Shadow Foreign Secretary William Hague declared on Wednesday that he considers himself a Zionist.
In a question-and-answer session for the Conservative Friends of Israel annual business lunch, Mr Hague was asked by JC columnist Times journalist Danny Finkelstein if he thought of himself as a Zionist. He said: “I believe in the existence of Israel and in its safety and democracy, so yes, I am.”
Mr Hague also told the more than 500 guests, including what were claimed to be 85 Conservative MPs, that neither Israel nor Britain should negotiate with Hamas. He said: “Hamas needs to renounce violence and recognise Israel first, and there is no sign of that yet. Talking only works when all parties realise that violence is not going to succeed.”
He defended his 2006 comments that Israel’s response to rocket attacks in the war with Lebanon was “disproportionate”. He maintained: “If we are friends of another nation, we should be able to criticise them as a candid friend.”
The Shadow Chancellor, George Osborne, hailed Israel at the lunch as a country of “freedom and democracy”.
Mr Osborne spoke of his first-hand experience of “what Israel is up against the whole time” from his first visit to the country, in November 2004, organised by CFI, during which there was a terrorist attack in Tel Aviv. He and three other Conservative MPs were taken to the scene 90 minutes later.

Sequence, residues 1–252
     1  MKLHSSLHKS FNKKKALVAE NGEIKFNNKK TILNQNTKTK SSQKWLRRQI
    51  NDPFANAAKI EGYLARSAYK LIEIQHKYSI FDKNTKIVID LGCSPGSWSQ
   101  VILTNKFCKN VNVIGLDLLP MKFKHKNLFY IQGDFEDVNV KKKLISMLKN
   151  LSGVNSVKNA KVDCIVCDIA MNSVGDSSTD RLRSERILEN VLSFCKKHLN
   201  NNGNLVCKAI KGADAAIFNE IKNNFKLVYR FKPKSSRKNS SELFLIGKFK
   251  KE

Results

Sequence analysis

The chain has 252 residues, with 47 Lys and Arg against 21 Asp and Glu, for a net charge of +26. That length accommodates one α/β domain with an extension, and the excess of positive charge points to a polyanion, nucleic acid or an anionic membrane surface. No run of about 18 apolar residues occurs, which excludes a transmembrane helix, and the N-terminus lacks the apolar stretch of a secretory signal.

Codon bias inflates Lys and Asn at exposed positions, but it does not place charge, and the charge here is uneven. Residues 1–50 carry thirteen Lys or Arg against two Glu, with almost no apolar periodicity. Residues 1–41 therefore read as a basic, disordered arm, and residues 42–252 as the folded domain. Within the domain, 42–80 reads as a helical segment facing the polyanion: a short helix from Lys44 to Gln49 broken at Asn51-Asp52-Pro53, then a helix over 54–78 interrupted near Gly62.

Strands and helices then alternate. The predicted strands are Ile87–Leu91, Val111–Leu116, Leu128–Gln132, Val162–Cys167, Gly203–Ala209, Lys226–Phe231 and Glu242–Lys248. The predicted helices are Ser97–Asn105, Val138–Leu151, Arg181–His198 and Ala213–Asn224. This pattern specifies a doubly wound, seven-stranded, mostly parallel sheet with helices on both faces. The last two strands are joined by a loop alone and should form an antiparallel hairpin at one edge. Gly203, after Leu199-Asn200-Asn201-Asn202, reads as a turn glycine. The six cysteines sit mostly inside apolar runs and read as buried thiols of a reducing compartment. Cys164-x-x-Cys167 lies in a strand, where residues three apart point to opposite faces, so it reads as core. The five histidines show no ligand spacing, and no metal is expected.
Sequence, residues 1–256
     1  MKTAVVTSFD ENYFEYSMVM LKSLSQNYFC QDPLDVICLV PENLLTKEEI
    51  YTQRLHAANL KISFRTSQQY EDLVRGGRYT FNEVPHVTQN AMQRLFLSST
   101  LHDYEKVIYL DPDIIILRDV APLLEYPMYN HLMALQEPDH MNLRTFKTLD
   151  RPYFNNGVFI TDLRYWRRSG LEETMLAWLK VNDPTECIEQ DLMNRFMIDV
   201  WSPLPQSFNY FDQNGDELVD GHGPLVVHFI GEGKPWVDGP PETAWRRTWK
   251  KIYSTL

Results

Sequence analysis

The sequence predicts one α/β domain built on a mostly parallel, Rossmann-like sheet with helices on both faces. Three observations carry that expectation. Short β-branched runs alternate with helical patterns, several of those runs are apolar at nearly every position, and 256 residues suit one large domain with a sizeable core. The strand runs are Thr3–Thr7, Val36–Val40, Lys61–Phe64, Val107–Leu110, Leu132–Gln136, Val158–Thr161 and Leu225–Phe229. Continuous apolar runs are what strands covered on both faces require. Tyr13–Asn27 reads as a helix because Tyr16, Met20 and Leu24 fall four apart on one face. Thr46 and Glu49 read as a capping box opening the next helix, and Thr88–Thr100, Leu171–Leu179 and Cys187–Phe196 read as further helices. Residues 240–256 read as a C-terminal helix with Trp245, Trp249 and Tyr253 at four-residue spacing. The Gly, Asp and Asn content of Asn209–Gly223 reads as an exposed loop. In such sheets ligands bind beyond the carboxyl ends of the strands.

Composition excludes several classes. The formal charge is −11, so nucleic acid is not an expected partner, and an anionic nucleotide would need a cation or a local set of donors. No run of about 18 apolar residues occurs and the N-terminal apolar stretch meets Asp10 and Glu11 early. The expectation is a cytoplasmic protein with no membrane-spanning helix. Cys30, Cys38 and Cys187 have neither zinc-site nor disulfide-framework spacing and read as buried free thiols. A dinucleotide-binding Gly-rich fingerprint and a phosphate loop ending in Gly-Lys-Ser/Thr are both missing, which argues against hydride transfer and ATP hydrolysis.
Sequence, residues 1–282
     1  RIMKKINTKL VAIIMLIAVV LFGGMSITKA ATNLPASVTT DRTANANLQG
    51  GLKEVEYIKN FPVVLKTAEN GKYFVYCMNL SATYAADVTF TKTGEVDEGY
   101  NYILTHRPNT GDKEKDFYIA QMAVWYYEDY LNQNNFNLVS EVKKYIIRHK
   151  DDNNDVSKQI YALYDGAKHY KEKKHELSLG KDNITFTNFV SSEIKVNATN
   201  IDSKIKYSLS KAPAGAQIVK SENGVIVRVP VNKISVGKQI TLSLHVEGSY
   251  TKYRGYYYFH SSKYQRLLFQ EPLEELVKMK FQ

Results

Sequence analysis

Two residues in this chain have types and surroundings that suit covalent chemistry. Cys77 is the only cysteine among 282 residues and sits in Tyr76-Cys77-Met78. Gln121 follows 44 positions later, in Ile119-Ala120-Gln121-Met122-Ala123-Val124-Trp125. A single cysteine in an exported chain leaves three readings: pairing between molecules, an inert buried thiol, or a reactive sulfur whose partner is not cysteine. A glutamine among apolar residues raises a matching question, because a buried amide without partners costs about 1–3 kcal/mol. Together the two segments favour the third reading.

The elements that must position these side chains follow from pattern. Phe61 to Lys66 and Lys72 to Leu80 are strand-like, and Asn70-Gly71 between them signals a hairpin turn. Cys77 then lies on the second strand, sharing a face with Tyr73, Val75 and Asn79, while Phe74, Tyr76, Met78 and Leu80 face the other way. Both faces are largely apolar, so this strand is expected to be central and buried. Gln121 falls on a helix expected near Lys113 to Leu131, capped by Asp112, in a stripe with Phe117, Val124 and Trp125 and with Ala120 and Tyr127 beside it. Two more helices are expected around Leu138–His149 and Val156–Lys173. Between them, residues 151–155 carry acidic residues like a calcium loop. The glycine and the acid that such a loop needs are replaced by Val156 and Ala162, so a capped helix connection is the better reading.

“I saw some pretty horrific things. It made a powerful impression on me and my fellow MPs,” he said.
He was joined on the trip by the then MP for Henley, now mayor of London, Boris Johnson. Mr Osborne said: “We ended up singing Israeli resistance songs in a karaoke bar. Boris was better at the words than I was.”
Israeli Ambassador Ron Prosor, who also addressed the guests, made a renewed call for tough action against Iran’s nuclear weapons programme.
“The one issue of existential threat to Israel is Iran,” he said.